Not a week goes by without the Pentagon carping about an ominous Russian "threat."
Chairman of the Joint Chiefs of Staff Martin Dempsey entered certified Donald "known unknown" Rumsfeld territory when he recently tried to conceptualize the "threat" -- "Threats are the combination, or the aggregate, of capabilities and intentions. Let me set aside for the moment, intentions, because I don't know what Russia intends."
So Dempsey admits he does not know what he's talking about. What he seems to know is that Russia is a "threat" anyway -- in space, cyber space, ground-based cruise missiles, submarines.
And most of all, a threat to NATO; "One of the things that Russia does seem to do is either discredit, or even more ominously, create the conditions for the failure of NATO."
So Russia "does seem" to discredit an already self-discredited NATO. That's not much of a "threat."
All these rhetorical games take place while NATO "does seem" to get ready for a direct confrontation with Russia. And make no mistake; Moscow does view NATO's belligerence as a real threat.
It's PGS vs. S-500
The "threat" surge happens just as US Think Tankland recharges the notion of containment of Russia. Notorious CIA front Stratfor has peddled a propaganda piece praising Cold War mastermind George Kennan as the author of the "containment of Russia" policy.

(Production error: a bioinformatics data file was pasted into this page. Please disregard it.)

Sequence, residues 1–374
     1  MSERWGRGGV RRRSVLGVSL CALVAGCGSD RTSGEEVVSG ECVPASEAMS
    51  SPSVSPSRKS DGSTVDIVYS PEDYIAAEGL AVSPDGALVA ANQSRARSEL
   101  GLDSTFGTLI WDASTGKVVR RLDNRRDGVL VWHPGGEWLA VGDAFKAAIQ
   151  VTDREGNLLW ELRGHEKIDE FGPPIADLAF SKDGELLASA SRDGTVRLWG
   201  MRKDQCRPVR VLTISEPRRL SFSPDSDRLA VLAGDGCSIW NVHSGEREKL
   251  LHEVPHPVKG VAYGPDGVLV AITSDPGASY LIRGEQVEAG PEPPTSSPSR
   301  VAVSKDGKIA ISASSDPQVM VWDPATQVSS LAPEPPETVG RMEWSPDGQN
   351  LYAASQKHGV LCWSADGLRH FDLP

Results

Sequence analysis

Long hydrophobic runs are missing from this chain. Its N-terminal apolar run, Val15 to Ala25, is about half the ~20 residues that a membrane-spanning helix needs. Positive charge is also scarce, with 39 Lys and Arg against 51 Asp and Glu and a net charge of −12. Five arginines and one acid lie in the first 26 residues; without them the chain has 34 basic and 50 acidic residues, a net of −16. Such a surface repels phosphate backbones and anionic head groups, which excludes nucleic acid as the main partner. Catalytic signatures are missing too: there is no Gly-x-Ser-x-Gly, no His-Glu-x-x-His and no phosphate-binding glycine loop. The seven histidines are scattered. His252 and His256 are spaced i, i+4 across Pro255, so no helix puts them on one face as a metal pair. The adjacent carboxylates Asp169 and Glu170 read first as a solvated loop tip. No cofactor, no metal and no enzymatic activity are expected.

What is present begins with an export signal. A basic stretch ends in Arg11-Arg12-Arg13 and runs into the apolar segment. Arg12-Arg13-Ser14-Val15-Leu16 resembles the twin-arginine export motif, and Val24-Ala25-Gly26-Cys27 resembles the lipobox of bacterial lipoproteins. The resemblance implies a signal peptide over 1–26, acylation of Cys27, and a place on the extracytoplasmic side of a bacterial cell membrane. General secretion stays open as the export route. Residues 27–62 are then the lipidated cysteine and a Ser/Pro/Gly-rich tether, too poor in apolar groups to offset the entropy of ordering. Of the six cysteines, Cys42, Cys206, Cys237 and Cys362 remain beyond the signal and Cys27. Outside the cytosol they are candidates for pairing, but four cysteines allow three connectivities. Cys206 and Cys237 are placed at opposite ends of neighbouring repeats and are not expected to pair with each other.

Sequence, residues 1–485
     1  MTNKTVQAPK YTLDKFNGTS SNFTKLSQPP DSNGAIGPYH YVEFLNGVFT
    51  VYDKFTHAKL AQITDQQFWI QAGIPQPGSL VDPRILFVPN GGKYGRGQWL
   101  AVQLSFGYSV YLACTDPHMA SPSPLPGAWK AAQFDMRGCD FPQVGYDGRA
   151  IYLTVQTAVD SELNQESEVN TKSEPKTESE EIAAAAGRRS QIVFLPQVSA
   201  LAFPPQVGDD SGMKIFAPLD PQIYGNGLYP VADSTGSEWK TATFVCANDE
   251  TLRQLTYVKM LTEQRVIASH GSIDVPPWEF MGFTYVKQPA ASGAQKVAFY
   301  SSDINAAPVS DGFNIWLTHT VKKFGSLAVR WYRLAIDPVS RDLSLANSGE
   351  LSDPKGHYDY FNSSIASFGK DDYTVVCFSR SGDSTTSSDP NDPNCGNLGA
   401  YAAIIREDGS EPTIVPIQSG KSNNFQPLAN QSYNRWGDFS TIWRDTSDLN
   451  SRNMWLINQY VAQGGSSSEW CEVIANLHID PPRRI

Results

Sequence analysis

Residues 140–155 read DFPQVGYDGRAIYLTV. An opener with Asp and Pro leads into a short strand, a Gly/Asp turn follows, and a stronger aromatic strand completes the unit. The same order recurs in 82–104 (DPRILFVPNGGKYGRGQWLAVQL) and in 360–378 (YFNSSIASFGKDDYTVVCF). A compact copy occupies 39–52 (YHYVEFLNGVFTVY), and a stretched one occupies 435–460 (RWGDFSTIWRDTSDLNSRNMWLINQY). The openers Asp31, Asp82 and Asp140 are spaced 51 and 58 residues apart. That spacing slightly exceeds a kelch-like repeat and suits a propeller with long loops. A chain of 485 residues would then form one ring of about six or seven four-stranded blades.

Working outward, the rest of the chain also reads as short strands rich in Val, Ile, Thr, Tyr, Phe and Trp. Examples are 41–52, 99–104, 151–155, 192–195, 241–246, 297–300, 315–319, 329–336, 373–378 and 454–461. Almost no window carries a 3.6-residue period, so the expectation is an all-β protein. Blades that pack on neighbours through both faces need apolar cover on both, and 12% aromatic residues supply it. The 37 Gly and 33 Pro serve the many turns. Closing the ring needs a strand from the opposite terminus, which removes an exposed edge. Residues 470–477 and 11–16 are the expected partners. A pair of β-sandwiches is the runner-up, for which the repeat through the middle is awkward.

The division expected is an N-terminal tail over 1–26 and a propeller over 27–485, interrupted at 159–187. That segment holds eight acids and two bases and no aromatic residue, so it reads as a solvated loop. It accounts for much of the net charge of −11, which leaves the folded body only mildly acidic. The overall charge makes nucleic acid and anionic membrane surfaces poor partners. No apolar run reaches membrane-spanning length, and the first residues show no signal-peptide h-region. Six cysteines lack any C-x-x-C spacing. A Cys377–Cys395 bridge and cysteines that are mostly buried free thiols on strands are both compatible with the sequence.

The US intel apparatus don't do irony; before he died, Kennan said it was now the US that had to be contained, not Russia.
Containment of Russia -- via the expansion of the EU and NATO -- has always been a work in progress because the geopolitical imperative has always been the same; as Dr. Zbigniew "The Grand Chessboard" Brzezinski never tired of stressing, it was always about preventing the -- threatening -- emergence of a Eurasian power capable of challenging the US.
Ultimately, the notion of "containment" can be stretched out towards the dismantling of Russia itself. It also carries the inbuilt paradox that NATO's infinite expansion eastwards has made Eastern Europe less, not more, safe.
Assuming there would even be a lethal Russia-NATO confrontation, Russian tactical nuclear weapons would knock out all NATO airports in less than 20 minutes. Dempsey -- cryptically -- admits as much.
What he cannot possibly admit is if a decision had been made in Washington, a long time ago, preventing NATO's infinite expansion, Russia's concerted move to upgrade its nuclear weapon arsenal would have been unnecessary.
Geopolitically, the Pentagon has finally seen which way the -- strategic partnership -- wind is blowing; towards Russia-China. This major game-changing shift in the global balance of power also translates as the combined military assets of China and Russia exceeding NATO's.
In terms of military power Russia has superior offensive and defensive missiles over the US, with the new generation surface-to-air missile system, the S-500, capable of intercepting supersonic targets and totally sealing Russian airspace.